|Christmas Tree Festival showcases unique offerings|
|Monday, November 26, 2012 10:34 AM|
DELPHOS — Nestled among the retail and restaurants of Downtown Delphos is one of the jewels of the city: the Delphos Canal Commission Museum.
From Dec. 1-23, the museum will be transformed into a Christmas wonderland filled with more than 100 Christmas trees and other holiday decorations.
Since 1999, the museum has opened its doors to local groups, families and individuals to participate in the annual Christmas Tree Festival. Museum trustees also decorate more than 60 trees.
Volunteer Marilyn Wagner summarized the lengthy process, or “labor of love” as she calls it. Thirty-three volunteers and local organizations have been working since Oct. 27 setting up and decorating approximately 100 trees, wreaths and nativity scenes. There is still work to do.
As for the new displays, volunteer Dorothy Hoffman’s creativity has been flowing this year. She has designed new theme trees, including “Grandma’s Love” and “School Fun Numbers and Snowballs.”
Tree decor can range from traditional Christmas fare to club themes to items for the Delphos Community Christmas Project. The Green Thumb Garden Club uses organic items for its offering; vibrant red and deep purple decorations showcase the Divine Divas Red Hat Ladies theme; Harley Davidson motorcycles, of course, for Do-Right MC; and handmade quilted items represent the Delphos Quilters Club.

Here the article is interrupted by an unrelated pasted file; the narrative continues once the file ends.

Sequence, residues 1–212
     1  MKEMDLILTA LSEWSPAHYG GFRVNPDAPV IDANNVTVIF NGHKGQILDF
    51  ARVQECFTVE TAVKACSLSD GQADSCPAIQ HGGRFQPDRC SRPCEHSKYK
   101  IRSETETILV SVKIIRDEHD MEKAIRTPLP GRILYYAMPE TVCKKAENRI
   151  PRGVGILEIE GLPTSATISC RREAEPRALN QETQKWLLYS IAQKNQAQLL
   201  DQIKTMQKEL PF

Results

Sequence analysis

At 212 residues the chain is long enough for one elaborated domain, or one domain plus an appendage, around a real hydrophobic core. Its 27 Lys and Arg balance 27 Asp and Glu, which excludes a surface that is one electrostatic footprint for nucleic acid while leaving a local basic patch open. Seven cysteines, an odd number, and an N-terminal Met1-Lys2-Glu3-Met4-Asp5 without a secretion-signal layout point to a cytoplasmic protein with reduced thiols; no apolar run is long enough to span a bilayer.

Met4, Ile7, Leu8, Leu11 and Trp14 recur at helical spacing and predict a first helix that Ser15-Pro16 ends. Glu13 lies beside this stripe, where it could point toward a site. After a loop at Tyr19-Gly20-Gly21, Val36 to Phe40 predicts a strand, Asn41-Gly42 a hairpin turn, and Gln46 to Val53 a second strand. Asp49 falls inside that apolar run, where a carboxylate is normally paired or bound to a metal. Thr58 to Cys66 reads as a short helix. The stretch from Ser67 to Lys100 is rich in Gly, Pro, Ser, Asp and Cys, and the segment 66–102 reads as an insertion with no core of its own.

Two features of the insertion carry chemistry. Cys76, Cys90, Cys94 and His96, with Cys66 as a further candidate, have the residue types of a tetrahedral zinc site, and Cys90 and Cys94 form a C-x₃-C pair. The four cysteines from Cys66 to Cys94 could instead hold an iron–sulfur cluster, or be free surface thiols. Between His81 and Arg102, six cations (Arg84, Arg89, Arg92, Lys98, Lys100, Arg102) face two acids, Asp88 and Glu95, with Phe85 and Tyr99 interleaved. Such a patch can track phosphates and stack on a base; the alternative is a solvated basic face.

Several families also get in the act. Four generations of the Virgil German family will spend an afternoon decorating a tree with kitchen gadgets that will be distributed through the Christmas Project.
One of the favorite displays each year is a nativity set made by Gerhard Laudick (b. 9-26-1853, d. 5-19-1912) for his grandchild’s first Christmas. Richard C. Mueller (b. 9-23-1911, d. 12-02-1993) was the first child of Gerhard’s daughter, Clara Gertrude Laudick and Arthur “Art” Mueller. Gerhard died 8 months after Richard was born. The original lighting for the crib was with coal oil lamps but it was converted to electricity around 1923. Some of the little figurines actually date from 1888. This nativity set has been a cherished part of the Mueller family’s Christmas for 100 years and they choose to display it at the museum each year so that others may enjoy it.
Another item which has a long history is the feather tree, which is usually made out of green-dyed goose feathers. The trunk of the tree was a plain wooden rod and the branches were made of stiff wire that had feathers wrapped around them. Red berries or candle holders were placed at the ends of the branches. Because of the danger of candles, these trees had more space between their branches than today’s Christmas trees. One visitor at the museum commented that it looked like a “Charlie Brown” tree.
The earliest feather trees in America were brought by German immigrants, so it is not surprising that the museum has one in its possession.
And what would Christmas be without a sleigh? The one at the museum is a one-horse open sleigh donated by the families of Richard Kimmet and Arthur Hoersten. This style of sleigh is also known as a “cutter” because it is lightweight, has gracefully-curved runners and a decorative body and usually holds only two people.
On the second floor amongst the military display is the POW/MIA tree and more are nestled in between the history of the city.
Passersby in the evening are treated to the ethereal “Lady Tree” in the museum’s display window.
The tree festival will be open for Hometown Christmas on Nov. 30 and officially opens from 1-4 p.m. every Saturday and Sunday and 6-8 p.m. every Friday Dec. 1-23. There is no charge for admission; donations are gratefully accepted.
The museum is located at 241 N. Main St.
|Last Updated on Monday, November 26, 2012 10:38 AM|